and that this moving groundlessness is activated further—intensified and seen to be structured or kept unstructured—by color and drawing, both of which are always moving. My work has changed over the years, of course, and has had periods of being very
varied. In earlier work I, like most or many in my generation and those immediately before, thought about what defined the medium and worked with it. I did so indirectly, however, and not usually because I had a question that was related exclusively to painting. For examples, I made a group of five-panel paintings which had as their starting point Eisenstein’s thought that in film there are only two shots, the direct and the oblique. So those paintings are bas-reliefs at which one is always looking directly at the oblique. That’s a start though, not the point of the work, that had more to do with duration. Likewise, I made some works on paper that were framed asymmetrically, in order to relate the image to its frame in a certain way, and which were mounted on matte boards that were photographic magnifications of the center of the work. Again, they were a start that got one looking at the work in a certain way, they weren’t about a lesson in the formal relationships between support and the supported. Although, of course...
Now I don’t think about painting as a medium very much at all. I think of it more as an instrument that one plays, regardless of whether it’s in fashion in this particular epoch. I have dealt with the death of painting issue in various places,1 and shan’t address it here. I think, though, there’s a reason why thinking about it as a medium has in a way run its course and it has to do with mediums being historical. Playing the violin is not historical, to the extent that it is at all, in the way music as an institution may be. The medium, I think, is no longer able to be the place where one may find what one needs to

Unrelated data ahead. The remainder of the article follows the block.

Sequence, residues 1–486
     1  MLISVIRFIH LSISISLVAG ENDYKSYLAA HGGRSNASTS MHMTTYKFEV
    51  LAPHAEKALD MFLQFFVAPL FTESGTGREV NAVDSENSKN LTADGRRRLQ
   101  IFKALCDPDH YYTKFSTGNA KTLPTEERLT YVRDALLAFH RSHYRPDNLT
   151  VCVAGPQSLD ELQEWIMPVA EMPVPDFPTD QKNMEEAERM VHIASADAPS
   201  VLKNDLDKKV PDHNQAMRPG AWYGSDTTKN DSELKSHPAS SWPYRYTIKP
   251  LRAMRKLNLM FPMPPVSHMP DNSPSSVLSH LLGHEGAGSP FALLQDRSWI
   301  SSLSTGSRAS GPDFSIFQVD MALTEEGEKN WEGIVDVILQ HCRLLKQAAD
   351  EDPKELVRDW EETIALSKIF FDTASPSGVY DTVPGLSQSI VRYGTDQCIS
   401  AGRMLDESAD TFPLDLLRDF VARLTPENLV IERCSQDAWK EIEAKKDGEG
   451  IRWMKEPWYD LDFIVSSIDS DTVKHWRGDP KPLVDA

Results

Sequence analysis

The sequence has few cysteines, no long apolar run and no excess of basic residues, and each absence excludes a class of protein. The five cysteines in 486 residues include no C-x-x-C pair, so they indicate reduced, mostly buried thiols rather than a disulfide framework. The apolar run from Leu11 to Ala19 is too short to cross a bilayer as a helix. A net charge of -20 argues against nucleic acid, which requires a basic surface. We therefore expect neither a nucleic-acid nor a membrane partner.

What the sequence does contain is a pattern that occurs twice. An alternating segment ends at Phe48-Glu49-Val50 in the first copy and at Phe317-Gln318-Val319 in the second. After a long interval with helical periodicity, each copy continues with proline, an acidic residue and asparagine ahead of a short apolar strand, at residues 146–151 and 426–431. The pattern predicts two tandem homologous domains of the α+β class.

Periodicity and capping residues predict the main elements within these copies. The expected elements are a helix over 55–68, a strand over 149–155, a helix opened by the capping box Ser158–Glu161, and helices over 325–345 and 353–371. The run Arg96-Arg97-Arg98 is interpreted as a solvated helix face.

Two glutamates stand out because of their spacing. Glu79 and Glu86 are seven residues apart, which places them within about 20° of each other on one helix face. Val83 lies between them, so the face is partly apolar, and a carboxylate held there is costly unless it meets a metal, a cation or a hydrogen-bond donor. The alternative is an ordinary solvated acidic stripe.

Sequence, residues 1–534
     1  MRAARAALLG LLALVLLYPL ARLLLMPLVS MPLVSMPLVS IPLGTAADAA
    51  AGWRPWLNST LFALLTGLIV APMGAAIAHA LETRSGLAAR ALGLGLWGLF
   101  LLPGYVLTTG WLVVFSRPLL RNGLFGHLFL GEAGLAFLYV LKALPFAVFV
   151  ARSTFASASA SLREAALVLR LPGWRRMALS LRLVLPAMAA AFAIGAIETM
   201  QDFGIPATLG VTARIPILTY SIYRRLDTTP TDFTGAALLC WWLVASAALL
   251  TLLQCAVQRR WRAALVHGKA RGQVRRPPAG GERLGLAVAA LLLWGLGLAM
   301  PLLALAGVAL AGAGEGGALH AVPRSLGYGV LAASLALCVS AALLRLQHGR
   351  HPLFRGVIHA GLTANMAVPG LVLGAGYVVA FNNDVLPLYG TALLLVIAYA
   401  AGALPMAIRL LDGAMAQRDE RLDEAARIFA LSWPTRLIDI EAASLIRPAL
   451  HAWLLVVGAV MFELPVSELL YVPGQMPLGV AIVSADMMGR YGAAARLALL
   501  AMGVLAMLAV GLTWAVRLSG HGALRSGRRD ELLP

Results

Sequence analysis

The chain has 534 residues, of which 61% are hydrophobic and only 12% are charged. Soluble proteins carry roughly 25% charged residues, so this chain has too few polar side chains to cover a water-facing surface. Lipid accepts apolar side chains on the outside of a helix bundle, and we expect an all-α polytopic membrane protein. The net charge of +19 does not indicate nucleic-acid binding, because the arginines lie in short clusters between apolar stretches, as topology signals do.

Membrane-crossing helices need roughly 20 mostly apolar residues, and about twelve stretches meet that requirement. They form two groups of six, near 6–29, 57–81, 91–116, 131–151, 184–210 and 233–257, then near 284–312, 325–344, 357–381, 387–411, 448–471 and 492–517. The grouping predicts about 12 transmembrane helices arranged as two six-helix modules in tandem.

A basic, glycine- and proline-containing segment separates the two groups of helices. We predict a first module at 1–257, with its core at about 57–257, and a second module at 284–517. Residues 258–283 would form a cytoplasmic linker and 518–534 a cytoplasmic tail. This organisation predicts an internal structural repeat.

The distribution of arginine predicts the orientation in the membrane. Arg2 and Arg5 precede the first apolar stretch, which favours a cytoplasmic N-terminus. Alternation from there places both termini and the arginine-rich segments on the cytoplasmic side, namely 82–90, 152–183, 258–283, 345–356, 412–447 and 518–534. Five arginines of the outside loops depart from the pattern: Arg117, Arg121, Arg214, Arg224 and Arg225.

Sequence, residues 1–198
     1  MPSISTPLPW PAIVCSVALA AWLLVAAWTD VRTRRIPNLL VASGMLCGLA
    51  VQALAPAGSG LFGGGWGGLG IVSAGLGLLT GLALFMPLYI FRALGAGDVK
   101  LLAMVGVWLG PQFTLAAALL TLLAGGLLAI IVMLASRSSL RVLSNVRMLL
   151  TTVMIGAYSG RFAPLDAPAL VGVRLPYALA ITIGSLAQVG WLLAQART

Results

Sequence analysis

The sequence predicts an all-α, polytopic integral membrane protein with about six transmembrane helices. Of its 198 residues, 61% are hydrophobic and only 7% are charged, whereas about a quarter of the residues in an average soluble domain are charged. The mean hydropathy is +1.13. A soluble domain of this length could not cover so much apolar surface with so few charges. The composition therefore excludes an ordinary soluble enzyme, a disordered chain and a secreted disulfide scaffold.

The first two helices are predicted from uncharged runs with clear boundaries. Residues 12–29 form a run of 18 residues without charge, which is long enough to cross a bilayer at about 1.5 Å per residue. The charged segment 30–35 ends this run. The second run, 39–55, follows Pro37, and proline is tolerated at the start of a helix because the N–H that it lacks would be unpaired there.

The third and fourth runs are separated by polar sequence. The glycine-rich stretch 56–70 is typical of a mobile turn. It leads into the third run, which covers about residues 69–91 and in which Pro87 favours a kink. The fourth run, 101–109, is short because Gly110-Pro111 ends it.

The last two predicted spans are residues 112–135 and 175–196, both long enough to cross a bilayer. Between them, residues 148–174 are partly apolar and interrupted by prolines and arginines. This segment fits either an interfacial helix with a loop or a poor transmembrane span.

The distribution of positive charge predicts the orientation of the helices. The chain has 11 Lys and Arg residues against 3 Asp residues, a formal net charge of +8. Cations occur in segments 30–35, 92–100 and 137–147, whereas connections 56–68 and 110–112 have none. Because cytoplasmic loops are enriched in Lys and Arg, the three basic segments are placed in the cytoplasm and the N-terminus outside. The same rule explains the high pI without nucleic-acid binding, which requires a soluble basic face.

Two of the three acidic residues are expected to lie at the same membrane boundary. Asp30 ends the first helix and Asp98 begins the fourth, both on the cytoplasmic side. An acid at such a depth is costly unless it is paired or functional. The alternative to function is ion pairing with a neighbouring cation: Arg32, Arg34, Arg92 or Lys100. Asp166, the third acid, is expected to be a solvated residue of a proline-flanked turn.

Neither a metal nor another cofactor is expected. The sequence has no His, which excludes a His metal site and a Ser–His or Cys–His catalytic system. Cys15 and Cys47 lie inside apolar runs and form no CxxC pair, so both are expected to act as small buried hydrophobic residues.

1 Perhaps most thoroughly in [Penny book, Ashcroft press...] and most recently and also cursorily in [Brooklyn Rail]
make art be more than a record of something, let alone, and worse, the confirmation of an historical inevitability. I think in part, at least, that what I’m thinking has to do with the distinction between being in the moment and being of it. Anything that happens is of the moment, and tells one something about it by default and to this or that degree of coherence and self-explanation. Herbie Hancock said there was one night where he was playing with Miles Davis and it felt like his fingers were playing by themselves, his whole mind and body was in the moment. All the music they made together was of the moment, but that was the good stuff. That is an example of what makes me find the idea of the instrument more useful than that of the medium, at this late phase of my career. Art should cut across history, otherwise it never gets to take place now.